There’s never a ‘good time’ to open your farm to visitors, but you should


“There is an ever-increasing number of people, but the amount of land does not increase, therefore the amount of land per capita decreases, and one farm should offer both ownership and visitorship. Everyone needs — in fact, must have — occasional reacquaintance with the land.”   — Rachel Peden, “The Land, The People”

In 1966, when Rachel Peden was penning a newspaper column that would evolve in to several books, she lamented the fact that many people were losing touch with their country roots.

 She writes, “There is a vogue just now, in this era of the survival struggle of the small family farm, for small farms to become recreation places commercially. This, it seems to be, requires a specialized talent and actually places the farm in the category of hotel and resort business. Not everyone could make a success of it, or wishes to try.”

First tour

It would have been around 1970 when my parents agreed to be a stop on our county’s very first ‘drive-it-yourself tour’ and we quickly learned what it meant to host people from all walks of life.
I remember milking the herd one evening and being interrupted a number of times by total strangers from the city asking questions that seemed ridiculous and baffling. “How many times a week do you have to do this? Even on Sundays? What would happen if you took the day off? Would the cow just blow up?”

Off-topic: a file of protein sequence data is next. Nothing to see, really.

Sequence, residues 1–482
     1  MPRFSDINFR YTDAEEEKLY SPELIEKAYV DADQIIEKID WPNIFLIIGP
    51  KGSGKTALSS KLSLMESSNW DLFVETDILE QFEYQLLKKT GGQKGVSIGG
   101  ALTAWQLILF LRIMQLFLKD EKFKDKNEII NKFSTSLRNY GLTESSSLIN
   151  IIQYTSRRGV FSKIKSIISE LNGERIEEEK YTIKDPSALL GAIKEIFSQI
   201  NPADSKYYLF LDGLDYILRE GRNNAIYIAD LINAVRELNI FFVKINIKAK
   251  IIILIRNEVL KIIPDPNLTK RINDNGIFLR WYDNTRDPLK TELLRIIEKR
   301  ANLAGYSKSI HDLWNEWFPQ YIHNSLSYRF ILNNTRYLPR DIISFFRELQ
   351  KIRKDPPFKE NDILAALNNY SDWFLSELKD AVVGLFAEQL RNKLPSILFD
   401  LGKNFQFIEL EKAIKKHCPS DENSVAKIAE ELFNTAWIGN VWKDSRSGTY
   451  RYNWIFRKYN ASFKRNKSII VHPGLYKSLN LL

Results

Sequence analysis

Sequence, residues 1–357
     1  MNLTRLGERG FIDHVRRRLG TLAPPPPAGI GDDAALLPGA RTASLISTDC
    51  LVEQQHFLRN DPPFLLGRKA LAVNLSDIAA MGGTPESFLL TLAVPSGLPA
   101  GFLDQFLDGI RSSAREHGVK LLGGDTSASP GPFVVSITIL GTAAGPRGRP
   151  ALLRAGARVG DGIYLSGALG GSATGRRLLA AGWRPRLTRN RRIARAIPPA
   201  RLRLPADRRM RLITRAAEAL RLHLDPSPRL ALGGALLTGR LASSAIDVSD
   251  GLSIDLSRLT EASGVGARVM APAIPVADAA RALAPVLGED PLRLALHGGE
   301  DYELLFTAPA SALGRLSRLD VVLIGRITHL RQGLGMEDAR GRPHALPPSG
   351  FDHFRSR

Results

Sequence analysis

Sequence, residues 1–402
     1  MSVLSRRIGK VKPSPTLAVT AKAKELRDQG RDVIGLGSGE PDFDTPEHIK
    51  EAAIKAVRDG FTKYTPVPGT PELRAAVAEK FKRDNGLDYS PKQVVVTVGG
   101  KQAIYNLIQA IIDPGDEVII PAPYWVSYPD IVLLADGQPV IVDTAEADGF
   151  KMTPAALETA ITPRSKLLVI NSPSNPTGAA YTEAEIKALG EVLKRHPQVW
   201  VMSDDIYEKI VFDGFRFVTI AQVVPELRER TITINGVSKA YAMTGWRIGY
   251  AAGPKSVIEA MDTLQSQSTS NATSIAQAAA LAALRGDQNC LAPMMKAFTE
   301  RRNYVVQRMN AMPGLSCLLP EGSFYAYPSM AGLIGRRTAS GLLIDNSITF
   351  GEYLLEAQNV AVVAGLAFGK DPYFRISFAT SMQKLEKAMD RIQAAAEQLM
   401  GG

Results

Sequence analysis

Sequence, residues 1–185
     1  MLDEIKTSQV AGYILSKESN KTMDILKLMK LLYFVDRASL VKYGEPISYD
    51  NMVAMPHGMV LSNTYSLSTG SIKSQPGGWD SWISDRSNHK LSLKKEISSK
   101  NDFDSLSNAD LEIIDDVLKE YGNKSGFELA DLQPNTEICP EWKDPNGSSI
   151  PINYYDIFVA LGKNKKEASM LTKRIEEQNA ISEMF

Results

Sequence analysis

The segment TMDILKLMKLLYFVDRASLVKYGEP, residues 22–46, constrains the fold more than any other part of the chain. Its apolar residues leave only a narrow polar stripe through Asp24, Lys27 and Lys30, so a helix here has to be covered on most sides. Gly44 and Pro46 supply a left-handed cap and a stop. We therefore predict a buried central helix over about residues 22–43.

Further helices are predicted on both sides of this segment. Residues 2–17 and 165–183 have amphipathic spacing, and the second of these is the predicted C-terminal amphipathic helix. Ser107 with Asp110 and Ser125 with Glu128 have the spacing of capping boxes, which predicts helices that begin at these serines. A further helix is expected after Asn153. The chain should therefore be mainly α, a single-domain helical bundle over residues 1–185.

Much to see

Although we didn’t realize it at the time, our wide-open farm offered much to see, from dairy cattle and a farrow-to-finish hog operation, to a well-stocked farm pond, old barns filled with farm machinery, all well-kept, fields filled with Indian artifacts to be found after plowing, plenty of wildlife, woods to explore, even a stream running through the remote acreage that had bubbles of quicksand in it. But sometimes, a fellow just really didn’t want to share it.

Stubborn pride

One irony of farmers is that the personality traits that drive them to desire a country life can also make sharing it almost painful: there is often a quiet and stubborn pride, at times a dose of shyness, more work than there is daylight, and always, always, there is the crushing weight of exhaustion.

Though much has changed in the world, one thing has not. Peden writes of visitors from the city, “If they had to wait until we get everything in order, the time would never come.”

Much like a house that is never quite clean and tidy enough, if we waited until the farm was in some sort of perfect state to host visitors, it would never happen.

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